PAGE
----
The ACLU has won a minor skirmish against Donald Trump’s effort to keep America safe. Every win has propaganda value.
The news media reports chaos at American airports. I doubt it. Between 100 and 200 persons from the seven countries on President Trump’s travel ban were in legal limbo in airports around the country. For now, they can stay.
There’s no reason for them or anyone else to create chaos.
In a few weeks, a further ruling will be made by Judge Ann Donnelly. No matter which way it goes, the loser will appeal to the Supreme Court.
Meanwhile, thousands of potential terrorists will be barred from entering the U.S. because of Trump’s order.
Excerpt from The Guardian
A federal judge has granted a stay on deportations for people who arrived in the US with valid visas but were detained on entry, following President Donald Trump’s executive order to halt travel from seven Muslim-majority countries.
The stay is only a partial block to the broader executive order, with the judge stopping short of a broader ruling on its constitutionality. Nevertheless, it was an early, significant blow to the new administration.
Less than 24 hours after two Iraqi men were detained at John F Kennedy airport in New York on Saturday morning, Judge Ann Donnelly of the federal district court in Brooklyn ordered an emergency stay, blocking the deportation of any individual currently being held in airports across the United States.
“I think the government hasn’t had a full chance to think about this,” Donnelly told a packed courtroom.
The American Civil Liberties Union (ACLU) and other groups filed the lawsuit earlier on Saturday, challenging the detention of the two Iraqi men, with two more plaintiffs were later added to the suit, who were both valid US green-card holders. But the judge’s ruling extended to all individuals facing similar situations across the United States.
The two plaintiffs included two Iraqi refugees who had spent hours detained at JFK: Hameed Khalid Darweesh, who had worked for the US government for a decade, and Haider Sameer Abdulkhaleq Alshawi, who arrived in the country to join his wife, a US contractor.
Donnelly, who was nominated by former president Barack Obama, ruled that the deportations could cause the plaintiffs “irreparable harm” by returning them to countries where they had been threatened. She also noted that the plaintiffs included visa-holders who had already been approved for entry to the US, and who, only two days before, would have been let into the country without incident.
“Obviously, we’re extremely pleased,” the head of the ACLU, Anthony Romero, told the Guardian. The judge, he said, “obviously gets the importance of the executive order and its impact on hundreds if not thousands of immigrants and refugees.”
The stay, which applies nationwide, will last at least until a hearing scheduled for 21 February, the judge said, and includes people on valid visas of all kinds and green-card holders.
However, it would only impact those who were “on American soil” – ie those who had been mid-flight or had landed while the executive order was being signed by the president, Romero said.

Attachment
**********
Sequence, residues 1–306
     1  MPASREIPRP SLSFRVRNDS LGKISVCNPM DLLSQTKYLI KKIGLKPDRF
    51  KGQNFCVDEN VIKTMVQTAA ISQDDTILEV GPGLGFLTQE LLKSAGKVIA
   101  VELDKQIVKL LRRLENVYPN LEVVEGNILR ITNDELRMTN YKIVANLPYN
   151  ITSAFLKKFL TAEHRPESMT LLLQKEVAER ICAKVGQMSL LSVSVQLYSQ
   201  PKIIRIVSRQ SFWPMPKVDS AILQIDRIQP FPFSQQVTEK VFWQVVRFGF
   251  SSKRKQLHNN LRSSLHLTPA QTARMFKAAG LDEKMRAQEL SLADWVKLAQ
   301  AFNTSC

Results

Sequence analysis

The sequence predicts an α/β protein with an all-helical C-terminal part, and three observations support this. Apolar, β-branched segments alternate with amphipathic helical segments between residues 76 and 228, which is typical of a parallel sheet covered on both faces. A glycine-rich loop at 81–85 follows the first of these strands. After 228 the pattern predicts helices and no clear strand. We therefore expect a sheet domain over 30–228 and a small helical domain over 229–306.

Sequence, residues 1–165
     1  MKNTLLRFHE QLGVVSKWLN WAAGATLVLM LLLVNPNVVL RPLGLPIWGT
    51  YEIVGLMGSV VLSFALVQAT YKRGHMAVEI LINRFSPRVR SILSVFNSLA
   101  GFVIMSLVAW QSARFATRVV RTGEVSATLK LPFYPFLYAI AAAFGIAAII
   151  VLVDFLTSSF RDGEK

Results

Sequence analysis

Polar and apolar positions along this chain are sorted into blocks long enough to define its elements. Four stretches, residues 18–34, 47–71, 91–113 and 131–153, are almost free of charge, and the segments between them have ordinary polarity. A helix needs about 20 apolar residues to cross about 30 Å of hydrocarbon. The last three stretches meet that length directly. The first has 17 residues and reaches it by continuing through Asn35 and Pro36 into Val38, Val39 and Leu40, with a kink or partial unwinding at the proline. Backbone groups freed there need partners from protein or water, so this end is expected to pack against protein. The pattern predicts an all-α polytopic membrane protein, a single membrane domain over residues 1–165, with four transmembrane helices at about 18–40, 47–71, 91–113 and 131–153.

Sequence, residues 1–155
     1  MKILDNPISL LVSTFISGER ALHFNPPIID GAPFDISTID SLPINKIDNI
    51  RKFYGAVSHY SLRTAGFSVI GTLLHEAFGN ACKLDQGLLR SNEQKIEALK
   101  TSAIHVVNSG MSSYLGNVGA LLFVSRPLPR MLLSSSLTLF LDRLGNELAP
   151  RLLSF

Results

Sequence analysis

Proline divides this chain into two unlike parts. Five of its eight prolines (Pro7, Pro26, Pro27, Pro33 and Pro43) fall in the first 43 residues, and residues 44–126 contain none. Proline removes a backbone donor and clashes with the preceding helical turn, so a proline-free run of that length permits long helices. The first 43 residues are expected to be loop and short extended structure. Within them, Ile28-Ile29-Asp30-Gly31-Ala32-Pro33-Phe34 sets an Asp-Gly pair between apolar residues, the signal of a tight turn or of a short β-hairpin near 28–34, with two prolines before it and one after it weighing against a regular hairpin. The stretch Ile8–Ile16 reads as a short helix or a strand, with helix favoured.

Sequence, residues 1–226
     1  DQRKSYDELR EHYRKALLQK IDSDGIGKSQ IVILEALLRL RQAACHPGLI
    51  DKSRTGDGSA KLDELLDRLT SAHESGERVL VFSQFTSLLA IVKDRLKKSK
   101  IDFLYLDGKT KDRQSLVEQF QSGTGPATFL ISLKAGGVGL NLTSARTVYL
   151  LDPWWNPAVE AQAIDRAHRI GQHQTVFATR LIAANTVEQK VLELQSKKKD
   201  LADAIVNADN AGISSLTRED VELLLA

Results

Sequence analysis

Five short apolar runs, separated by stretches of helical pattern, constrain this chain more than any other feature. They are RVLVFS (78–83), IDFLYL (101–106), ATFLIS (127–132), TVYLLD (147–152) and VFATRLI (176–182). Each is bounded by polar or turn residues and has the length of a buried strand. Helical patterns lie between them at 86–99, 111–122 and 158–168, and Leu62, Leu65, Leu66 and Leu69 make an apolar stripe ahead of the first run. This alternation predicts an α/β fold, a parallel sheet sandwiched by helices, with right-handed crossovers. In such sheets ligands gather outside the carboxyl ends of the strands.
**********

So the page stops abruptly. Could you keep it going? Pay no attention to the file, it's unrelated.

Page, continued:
He estimated that there were at least 100-200 people currently being held in airports across the country, however he said the number could be higher. Asked by the judge to confirm the number, government lawyers were unable to respond with confidence.
Donnelly ordered the government to provide a list of all people currently being held in violation of the order at US airports or in flights, to protests from the government lawyers.
“I don’t think it’s unduly burdensome to get a list of names,” Donnelly said.
Darweesh and Alshawi had both been released earlier on Saturday, the US attorney confirmed, however Romero specified that Darweesh had been released “at the discretion of the executive branch”.
Despite the stay, however, lawyers for the plaintiffs and civil liberties advocates drew immediate concern for the well-being of those granted a stay, as it was widely assumed that the individuals in question would be held in immigration detention facilities until their hearing, three weeks away.
“It’s a long time for people to be sitting in detention centers,” Romero said, adding that the ACLU would be monitoring the conditions in those facilities.
Brian Chesky, the co-founder of Airbnb, tweeted that his company would provide “free housing to refugees and anyone not allowed in the US”, and suggested anyone should contact him if in urgent need for housing.
Judge Donnelly suggested the lawyers should return to court, if the travelers were to be placed in detention rather than be released. “I guess I’ll just hear from you,” she said.
Earlier on Saturday, President Trump’s executive order, signed the day before, sowed chaos in airports, universities, corporations and living rooms in the US and abroad, as people grappled with the ramifications of its sometimes vague language.
Travelers were pulled off plans or detained at checkpoints, universities urged at-risk students not to leave the country or to seek legal advice while tech giants recalled their workers from abroad. Throughout, families took calls from panicked loved ones whose lives were cast into disarray, unable to return to their homes, with everything from cars to pets waiting where they left them.